## step input, the closed-loop system possesses the following properties:

(a) Percentage overshoot Mp = e 12 100%;

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(b) Settling time s = n
.

Control engineering practice suggests the choice of the overshoot < 10% and the setting

time 6 2 second that can achieve a satisfactory transient response. This leads to the

following requirements for selecting and n , that is, > 0.6 and n > 2.

When the closed-loop poles are specified as 2j2 (with = 0.707 and n = 2), the two

major specifications of step response of the system can be obtained as Mp = 4.3%, s = 2s.

Finally, we design the state feedback controller for the system given in (4) according to

equation (6) and (7). The characteristic equation of closed-loop system becomes

## f (s) = (s + 2 j2)(s + 2 + j2) = s2 + 4s + 8

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Hence Ackermanns formula yields

K = [4 1]

To achieve a zero steady-state error for a unit step, the system needs to meet the constraint

C(A + BK)1 BF = 1

that is, F = 4.

Figure 6 depicts the closed-loop system with state feedback controller. The relative sim-

K2 d
- + .
u . + y
x1
r
F
+ 2 + x2
x2

- +

-2

K1

## Figure 6: The state-space representation of state feedback control system

K2

Gain2

2 1
y
F s+ 2 s
T ra n sfe r Fcn In te g ra to r T o Wo rksp a ce
S te p Gain

S te p 1

S co p e

K1

Gain1

Cl o ck
T o Wo rksp a ce 1

## Figure 7: The simulation model of the closed-loop system

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When a unit step is applied in the input r(t) and no disturbance is added, the output

y(t) is plotted in Figure 8. When a unit step is also applied as a disturbance at the same

## time, the output y(t) is plotted in Figure 9.

1.4

1.2

0.8
Output y(t)

0.6

0.4

0.2

0
0 0.5 1 1.5 2 2.5 3 3.5 4 4.5 5
Time(sec)

## Figure 8: The step response of the closed-loop system without disturbance

To prevent the overshoot in the step response of a closed-loop system, we can specify

the damping ratio to be > 1 by placing two closed-loop poles at 5 and 6, and the

## Hence Ackermanns formula yields

K = [15 4.5]

Given that the steady-state error for a unit step is zero, we can obtain F = 15. When

a unit step is applied in the input r(t) and no disturbance is added, the output y(t) is

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1.6

1.4

1.2

Output y(t) 1

0.8

0.6

0.4

0.2

0
0 0.5 1 1.5 2 2.5 3 3.5 4 4.5 5
Time(sec)

## Figure 9: The step response of the closed-loop system with disturbance

plotted in Figure 10. When a unit step is also applied as a disturbance at the same time,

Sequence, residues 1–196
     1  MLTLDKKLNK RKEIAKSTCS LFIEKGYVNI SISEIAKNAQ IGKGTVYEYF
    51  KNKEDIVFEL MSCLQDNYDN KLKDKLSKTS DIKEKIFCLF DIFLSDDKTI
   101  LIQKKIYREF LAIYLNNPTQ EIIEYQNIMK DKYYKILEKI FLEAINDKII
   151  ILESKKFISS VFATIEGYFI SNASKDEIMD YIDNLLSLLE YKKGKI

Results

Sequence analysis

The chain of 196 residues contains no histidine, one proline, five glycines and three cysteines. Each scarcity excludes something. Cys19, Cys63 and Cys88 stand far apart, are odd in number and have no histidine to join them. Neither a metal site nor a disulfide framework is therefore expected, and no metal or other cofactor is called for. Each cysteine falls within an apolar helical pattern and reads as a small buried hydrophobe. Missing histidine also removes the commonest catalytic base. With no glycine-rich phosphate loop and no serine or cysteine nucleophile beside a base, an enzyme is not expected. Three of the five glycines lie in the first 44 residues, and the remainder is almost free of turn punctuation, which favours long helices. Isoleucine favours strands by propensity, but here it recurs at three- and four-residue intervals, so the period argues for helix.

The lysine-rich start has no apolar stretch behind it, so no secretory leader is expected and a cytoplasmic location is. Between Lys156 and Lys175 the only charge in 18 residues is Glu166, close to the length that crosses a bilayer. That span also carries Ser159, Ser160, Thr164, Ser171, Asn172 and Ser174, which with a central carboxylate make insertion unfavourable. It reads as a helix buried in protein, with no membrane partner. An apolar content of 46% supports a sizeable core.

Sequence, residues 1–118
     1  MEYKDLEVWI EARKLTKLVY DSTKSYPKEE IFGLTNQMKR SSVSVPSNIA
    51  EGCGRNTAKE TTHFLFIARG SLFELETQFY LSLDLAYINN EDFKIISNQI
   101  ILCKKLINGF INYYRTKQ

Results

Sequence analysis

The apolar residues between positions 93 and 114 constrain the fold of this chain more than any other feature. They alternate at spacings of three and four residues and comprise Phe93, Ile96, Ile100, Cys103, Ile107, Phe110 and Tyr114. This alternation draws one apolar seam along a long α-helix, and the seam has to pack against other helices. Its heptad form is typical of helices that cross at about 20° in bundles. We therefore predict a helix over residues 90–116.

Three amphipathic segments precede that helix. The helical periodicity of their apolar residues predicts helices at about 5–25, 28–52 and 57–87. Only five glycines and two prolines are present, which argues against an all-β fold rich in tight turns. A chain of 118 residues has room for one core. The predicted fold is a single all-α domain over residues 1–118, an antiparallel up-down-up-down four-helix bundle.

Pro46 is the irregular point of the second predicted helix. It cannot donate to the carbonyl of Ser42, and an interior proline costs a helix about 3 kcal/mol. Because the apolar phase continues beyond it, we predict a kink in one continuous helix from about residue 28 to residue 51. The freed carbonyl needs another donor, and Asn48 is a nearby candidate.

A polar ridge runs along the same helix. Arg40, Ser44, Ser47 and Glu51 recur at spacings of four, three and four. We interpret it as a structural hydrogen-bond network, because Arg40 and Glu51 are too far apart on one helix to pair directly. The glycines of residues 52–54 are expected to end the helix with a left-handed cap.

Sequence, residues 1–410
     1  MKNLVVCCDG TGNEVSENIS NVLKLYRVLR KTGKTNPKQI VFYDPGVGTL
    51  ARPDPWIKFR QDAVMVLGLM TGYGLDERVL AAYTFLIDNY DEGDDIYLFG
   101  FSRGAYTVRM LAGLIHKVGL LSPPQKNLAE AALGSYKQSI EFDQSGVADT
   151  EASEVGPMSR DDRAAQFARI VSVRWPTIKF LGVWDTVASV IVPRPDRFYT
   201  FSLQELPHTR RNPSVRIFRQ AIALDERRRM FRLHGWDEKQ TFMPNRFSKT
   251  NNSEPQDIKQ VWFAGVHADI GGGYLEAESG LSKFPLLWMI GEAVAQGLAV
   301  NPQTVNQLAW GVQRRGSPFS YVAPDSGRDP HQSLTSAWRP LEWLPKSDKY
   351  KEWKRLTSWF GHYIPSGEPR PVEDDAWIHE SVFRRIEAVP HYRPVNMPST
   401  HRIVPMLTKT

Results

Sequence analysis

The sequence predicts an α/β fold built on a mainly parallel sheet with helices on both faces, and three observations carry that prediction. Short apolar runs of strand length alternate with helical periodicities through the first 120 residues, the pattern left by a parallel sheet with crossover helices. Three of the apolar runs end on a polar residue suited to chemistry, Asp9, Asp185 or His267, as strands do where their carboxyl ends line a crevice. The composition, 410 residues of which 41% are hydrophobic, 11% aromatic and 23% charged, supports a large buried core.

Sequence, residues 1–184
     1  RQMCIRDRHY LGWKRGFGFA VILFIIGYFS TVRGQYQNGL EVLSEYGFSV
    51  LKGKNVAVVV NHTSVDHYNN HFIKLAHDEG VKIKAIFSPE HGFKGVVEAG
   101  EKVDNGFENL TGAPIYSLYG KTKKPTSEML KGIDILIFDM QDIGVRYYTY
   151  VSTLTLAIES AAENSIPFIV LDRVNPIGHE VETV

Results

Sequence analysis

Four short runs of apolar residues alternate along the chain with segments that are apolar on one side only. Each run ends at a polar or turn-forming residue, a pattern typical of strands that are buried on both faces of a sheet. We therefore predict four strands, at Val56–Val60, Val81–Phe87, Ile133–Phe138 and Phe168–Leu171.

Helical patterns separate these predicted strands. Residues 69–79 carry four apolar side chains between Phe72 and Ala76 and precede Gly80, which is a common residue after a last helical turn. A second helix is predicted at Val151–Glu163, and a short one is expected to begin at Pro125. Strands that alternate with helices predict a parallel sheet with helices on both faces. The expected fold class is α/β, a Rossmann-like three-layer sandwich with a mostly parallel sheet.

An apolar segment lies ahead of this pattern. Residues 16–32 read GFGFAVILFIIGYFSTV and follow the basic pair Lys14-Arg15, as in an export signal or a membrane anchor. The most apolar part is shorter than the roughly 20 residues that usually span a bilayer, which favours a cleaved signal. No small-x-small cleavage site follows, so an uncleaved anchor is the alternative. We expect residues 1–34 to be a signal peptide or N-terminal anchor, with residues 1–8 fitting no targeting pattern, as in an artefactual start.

## the output y(t) is plotted in Figure 11.

0.9

0.8

0.7

0.6
Output y(t)

0.5

0.4

0.3

0.2

0.1

0
0 0.5 1 1.5 2 2.5 3 3.5 4 4.5 5
Time(sec)

Figure 10: The step response of the closed-loop system(2) without disturbance

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1.4

1.2

0.8
Output y(t)

0.6

0.4

0.2

0
0 0.5 1 1.5 2 2.5 3 3.5 4 4.5 5
Time(sec)

Figure 11: The step response of the closed-loop system(2) with disturbance

## 3 Full order observer design

The controller design method we developed in the previous section presuppose the avail-

ability of all state variables for feedback. However, in the real-world control system, the

only measured quantity are the output y of the system given in (5). This motivates us

to simulate a model with accessible state variables to estimate the states of the origi-

nal system - the model exhibits the same dynamics as the practical system. A famous

estimator, shown in Figure 12, is a closed-loop estimator which was first introduced by

## Luenberger(1964) - it is commonly referred to as an asymptotic state estimator or simply

a full-order state observer. We make use of both input and output of the system given in

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x x y
u

+
B C

+
A

y
+ +
x x - +
B
C

+ +

## Consider an estimator of x(t) of the form:

x = Ax + Bu(t) + L[y C x]

Here x(t) denotes the estimate of x(t). Let the estimation error be denoted by x so that

x = (A LC)x

## If we choose L such that (A LC) = A1 is stable, we have

x = (A LC)x = A1 x

## x(t) = eA1 t x(0)

Clearly x(t) 0 as t . Thus the estimator output x(t) will track x(t) asymp-

totically - this observer is called an asymptotic observer. In this paper, we use the pole

placement algorithms to adjust the rate of convergence of x(t) to x(t). In practice, the

poles of the observer are usually chosen two or five times faster than the system response.

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Suppose that we obtain the feedback gains of the controller with linear state feedback